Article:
Sadly, in the US context when activists push for immigration restrictions it seems to hurt the intelligent immigrants more than it hurts the fruit pickers.

On the Charlie Rose Show, October 23, 2009:

Charlie Rose: "And immigrants has [sic] been America’s strength."

Lee Kuan Yew: "Absolutely … But, mind you, immigration of the highly intelligent and highly hard-working, very hard-working people. If you get immigration from the fruit-pickers [chuckles for several seconds at the very idea], you may not get very far!"


It's all just part of LKY and the PAP's grand strategy to continue importing capital and throwing more labor at their economy to grow it, since their stranglehold on power and their culture's resulting intellectual sterility have made labor productivity growth beyond what they can import from the West almost nonexistent.

maybe if he actually practiced what he preached, Singapore imports an increasing number of mainland Chinese laborers, generates rents of offering safe banking services to South East Asians and spends part of that income on putting up something like half of its own population into government owned housing.

Are there any immigration policies that even encourage agricultural immigrants? I think that explains why immigrants flock to cities. Returns on brainpower are higher in urban areas.

There's a big current federal program to bring in agricultural workers, and the immigration bill the Senate passed last year would expand the number of stoop laborers brought in significantly. Just Google:

crops rotting in the fields

for years of credulous New York Times articles about how we're going to be paying $5 for a head of iceberg lettuce if plantation owners can't import lots more indentured servants right now.

"Crops rotting" just gets a litany of farmer complaints. But what federal program are you talking about that let's me enter & settle just to work on a farm?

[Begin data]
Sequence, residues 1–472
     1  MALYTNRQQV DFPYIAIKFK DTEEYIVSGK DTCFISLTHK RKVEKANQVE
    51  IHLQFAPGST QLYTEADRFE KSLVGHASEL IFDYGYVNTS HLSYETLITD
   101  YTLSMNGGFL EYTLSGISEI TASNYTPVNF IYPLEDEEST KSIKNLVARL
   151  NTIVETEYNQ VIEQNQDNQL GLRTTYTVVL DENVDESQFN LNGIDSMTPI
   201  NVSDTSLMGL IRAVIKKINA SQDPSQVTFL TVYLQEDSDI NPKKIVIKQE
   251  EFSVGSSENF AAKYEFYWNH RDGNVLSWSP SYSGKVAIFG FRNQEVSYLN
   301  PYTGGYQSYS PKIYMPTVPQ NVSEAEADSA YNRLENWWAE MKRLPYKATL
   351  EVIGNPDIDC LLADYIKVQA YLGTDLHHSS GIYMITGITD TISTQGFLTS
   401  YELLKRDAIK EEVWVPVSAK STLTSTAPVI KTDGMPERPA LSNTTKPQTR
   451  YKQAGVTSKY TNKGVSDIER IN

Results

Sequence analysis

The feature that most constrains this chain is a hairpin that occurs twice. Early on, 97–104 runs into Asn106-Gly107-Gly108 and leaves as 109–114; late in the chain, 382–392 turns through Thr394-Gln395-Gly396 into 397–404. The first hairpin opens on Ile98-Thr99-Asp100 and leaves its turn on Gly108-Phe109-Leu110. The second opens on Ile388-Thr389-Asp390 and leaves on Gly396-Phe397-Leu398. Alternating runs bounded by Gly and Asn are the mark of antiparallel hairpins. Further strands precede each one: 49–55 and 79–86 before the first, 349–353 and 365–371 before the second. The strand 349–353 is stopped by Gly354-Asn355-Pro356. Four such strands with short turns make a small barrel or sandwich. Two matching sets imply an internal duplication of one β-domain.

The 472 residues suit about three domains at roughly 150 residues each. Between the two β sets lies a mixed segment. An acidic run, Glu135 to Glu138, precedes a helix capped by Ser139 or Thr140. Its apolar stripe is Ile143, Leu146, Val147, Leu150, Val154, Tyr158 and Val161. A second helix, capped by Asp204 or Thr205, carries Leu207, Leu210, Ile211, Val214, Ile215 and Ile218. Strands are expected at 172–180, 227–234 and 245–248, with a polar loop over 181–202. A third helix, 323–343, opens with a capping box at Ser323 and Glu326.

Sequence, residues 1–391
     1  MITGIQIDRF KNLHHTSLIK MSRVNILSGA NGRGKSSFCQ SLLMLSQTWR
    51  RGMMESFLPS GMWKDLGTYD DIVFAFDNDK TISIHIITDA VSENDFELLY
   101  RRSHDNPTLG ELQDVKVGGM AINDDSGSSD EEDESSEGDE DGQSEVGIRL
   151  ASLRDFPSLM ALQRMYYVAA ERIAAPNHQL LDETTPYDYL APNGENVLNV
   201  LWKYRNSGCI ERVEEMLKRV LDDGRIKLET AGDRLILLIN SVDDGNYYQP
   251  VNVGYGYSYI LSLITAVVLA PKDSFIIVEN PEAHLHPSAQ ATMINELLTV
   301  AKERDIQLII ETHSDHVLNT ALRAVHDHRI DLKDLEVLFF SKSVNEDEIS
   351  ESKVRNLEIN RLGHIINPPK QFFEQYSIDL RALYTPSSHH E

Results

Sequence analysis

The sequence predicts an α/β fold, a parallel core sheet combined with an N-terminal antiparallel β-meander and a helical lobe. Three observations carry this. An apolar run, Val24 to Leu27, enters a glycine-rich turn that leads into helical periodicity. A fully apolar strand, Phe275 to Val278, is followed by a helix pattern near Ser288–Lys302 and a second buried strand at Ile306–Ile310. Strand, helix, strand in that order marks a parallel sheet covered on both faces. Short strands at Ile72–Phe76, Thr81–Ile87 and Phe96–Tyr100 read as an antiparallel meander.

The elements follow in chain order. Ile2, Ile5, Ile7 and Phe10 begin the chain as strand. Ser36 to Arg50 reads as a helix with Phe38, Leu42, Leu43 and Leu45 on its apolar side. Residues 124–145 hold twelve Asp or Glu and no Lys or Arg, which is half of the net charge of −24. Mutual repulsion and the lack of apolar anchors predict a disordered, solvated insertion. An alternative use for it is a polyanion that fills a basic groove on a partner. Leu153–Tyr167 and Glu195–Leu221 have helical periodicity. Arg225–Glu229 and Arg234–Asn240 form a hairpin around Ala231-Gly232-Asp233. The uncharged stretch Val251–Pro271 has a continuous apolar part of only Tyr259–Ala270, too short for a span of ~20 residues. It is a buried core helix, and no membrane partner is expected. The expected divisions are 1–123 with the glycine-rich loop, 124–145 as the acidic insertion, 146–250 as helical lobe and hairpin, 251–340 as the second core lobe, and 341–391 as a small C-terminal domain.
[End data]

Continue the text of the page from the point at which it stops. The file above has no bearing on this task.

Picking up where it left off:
I believe the federal policy is: "Don't ask, don't tell and never talk about the policy."

The H-2B visa nonimmigrant program permits employers to hire foreign workers to come temporarily to the United States and perform temporary nonagricultural services or labor on a one-time, seasonal, peakload or intermittent basis.

Per the wiki

And the H-2A visa.

Canada has a seasonal worker arrangement with the Mexican government, but the Mexicans allowed into to Canada to pick are 96% male, and remarkable restrictions are placed on them keep them from fathering any children while in Canada. It's pretty hilarious to read the details.

In contrast, in America, nobody ever seems to think about temp works producing anchor babies.

The other point is that New Zealand doesn't have a huge sector like The Valley in the US which is starved for talented workers, therefore New Zealand can't make appropriate use of these highly talented immigrants.

Oh, thats to bad. All those incredibly talented people, who just dont know how to do anything on their own. They couldn't in their country of origin, and then they move to New Zealand, but they are of no use their either.

Its strange how all these talented people have to use their many skills at something that is already there - howcome they didn't create at Valley in NZ?

And why did they go there in the first place, if all they can is ordinary work for established companies?

How much is New Zealand just an outlier? Would we expect a small, extremely remote country to be as rich as other countries, all else being equal?

The only laws that countries have to follow are those of geography. These article reminds me of an hilarious one, I don't remember if here or on Nextbigfuture, about a very rosy prediction for Chinese economy, extrapolating for internal provinces the same growth rates of coastal provinces. The author stated "I see no reason why the internal provinces could not grow at the same rate that coastal one experienced". Find the fallacy: you win nothing.

Well, I'm part of the brain drain they talk about. I don't know about it's economic impacts, but it was very real and disproportionately included people with higher education degrees (including me). Even if it had no direct economic impacts, I've felt that that the cultural ones were real.

As a counter-point though, while it's palpably evident that the material standard of living in New Zealand is lower than here in Australia, I'm far from convinced that the real standard of living is lower - I think it's a good life, and would like to go back (*except for the house prices in Auckland*)

Back when the brain drain was just getting going, a famous New Zealand Prime minister quipped that Kiwi's immigrating to Australia "raised the average IQ of both countries"